When your body experiences stress, whether from bad news or just feeling nervous, it can trigger a flight or fight response. This response is an evolutionary mechanism that prepares your body to either flee from danger or stand and fight.

During this response, your heart rate increases, and your muscles tense up, ready for action. But one of the effects of this response can also be a strong feeling in your stomach.

This feeling is caused by cortisol spikes in your body, which trigger a withdrawal of blood from the stomach. The blood is needed elsewhere in the body to help you perform at your best during a perceived threat. This can lead to a sense of emptiness or a dropping sensation in the stomach.

Why Do Some Novice Skydivers Experience a Drop in the Stomach?

Novice skydivers may feel a drop in their stomachs during skydiving due to the flight or fight response of their body caused by extreme nervousness or anxiety. The feeling is less common for experienced skydivers and also barely happens to novice skydivers.

If you experienced a stomach drop during your skydive, it is important to remember that this is not a concerning reaction of the body. After all, skydiving is a scary (and empowering) experience that rightfully invokes anxiety in you.

I still remember my first solo skydive, I was really nervous and afraid. As the plane took off and ascended to new altitudes, I could feel my anxiety building. I couldn’t help but think about all the what-ifs and scenarios that could go wrong. But once it was time to jump, I took a deep breath and went for it.

The sensation of freefalling through the air was incredible, and I felt a rush of adrenaline and excitement that I’ll never forget. When I deployed the parachute, it was like a moment of pure relief and elation. Looking out over the beautiful landscape from above was an experience unlike any other.

In the end, I felt an immense sense of accomplishment and pride for pushing past my fears and trying something new. Skydiving may have been scary at first, but it was also an unforgettable adventure. At that moment I knew that I would pick skydiving as a hobby.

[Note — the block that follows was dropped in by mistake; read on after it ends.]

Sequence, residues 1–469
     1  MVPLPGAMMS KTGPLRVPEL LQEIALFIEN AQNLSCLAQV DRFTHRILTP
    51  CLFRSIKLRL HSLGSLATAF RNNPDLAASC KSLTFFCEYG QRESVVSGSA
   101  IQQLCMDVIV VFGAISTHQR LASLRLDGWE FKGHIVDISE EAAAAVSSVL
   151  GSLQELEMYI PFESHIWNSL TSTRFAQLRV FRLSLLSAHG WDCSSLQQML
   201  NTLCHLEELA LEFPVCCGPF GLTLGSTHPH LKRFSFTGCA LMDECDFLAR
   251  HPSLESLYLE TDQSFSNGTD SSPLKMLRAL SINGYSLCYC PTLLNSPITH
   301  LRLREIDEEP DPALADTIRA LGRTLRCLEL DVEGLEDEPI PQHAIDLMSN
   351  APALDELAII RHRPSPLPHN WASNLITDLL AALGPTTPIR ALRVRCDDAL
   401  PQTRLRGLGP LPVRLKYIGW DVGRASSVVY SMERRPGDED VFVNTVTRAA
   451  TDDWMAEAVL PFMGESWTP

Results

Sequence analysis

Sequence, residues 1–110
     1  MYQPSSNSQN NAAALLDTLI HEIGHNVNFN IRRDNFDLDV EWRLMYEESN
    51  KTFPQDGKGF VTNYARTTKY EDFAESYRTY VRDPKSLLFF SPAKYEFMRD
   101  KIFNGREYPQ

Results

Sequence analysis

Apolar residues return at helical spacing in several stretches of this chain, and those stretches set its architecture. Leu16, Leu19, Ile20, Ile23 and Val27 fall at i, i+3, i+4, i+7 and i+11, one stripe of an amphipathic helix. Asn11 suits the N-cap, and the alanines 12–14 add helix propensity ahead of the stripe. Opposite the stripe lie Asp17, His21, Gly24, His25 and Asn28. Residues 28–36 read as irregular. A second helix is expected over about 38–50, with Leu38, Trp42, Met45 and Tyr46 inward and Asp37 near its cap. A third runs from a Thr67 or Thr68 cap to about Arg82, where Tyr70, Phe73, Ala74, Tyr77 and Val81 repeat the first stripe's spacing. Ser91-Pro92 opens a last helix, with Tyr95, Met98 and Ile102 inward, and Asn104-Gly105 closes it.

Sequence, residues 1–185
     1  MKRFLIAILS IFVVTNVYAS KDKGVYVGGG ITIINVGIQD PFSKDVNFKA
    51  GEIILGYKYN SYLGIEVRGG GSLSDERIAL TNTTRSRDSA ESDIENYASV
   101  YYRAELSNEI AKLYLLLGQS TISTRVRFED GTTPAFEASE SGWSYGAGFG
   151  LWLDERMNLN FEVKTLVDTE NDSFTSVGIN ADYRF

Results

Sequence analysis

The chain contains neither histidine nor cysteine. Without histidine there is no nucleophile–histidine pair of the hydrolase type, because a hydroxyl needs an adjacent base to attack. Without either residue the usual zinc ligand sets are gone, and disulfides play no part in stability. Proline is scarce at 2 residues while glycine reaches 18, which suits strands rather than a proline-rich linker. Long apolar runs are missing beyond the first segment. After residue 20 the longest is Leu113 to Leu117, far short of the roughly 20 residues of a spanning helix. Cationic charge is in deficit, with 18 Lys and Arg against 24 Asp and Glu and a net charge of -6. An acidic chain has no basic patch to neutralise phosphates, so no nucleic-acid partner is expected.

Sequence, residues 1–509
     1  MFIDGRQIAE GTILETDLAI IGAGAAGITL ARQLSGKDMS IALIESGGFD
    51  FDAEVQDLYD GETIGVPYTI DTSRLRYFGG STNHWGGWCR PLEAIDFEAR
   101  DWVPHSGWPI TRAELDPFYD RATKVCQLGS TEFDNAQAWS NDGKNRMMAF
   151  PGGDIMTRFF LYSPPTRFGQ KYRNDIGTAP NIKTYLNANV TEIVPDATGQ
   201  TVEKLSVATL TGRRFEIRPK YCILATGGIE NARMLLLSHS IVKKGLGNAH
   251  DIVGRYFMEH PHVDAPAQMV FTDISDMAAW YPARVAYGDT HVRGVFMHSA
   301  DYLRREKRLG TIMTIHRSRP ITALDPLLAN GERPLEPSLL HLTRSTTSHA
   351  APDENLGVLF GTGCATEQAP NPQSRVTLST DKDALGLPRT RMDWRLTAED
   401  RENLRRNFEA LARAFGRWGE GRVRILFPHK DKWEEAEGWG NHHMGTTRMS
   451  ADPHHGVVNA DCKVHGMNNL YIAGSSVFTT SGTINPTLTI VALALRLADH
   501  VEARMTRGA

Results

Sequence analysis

Did you know that skydiving can help you overcome fears and boost your confidence in everyday life? Or that it can enhance your resilience and creativity? If you want to know more about these and other unexpected benefits of skydiving as a hobby check out this post.

Even though I did not experience a stomach drop during my first solo skydive, I experienced one during my first tandem skydive. The parachute had already been deployed and I and my instructor were gliding through the air.

Then my instructor performed a maneuver that involved flying in a horizontal loop. I suddenly felt a drop in my stomach due to the acceleration and disorientation. I was also a bit afraid because of the spinning. Despite the momentary discomfort, the experience was still exhilarating and unforgettable.

9 Tips to Prevent the Feeling of a Stomach Drop During Skydiving
Overview of How to Avoid Stomach Drop During Skydiving

Nine Tips to Avoid the Risk of A Stomach Drop During Skydiving

If you’re concerned about experiencing a stomach drop because you are anxious and afraid before your first skydiving, that’s completely normal. It’s natural to feel a bit nervous before trying something new and exciting. But with these tips and a little bit of practice, you can learn to manage those feelings and enjoy your skydiving experience to the fullest.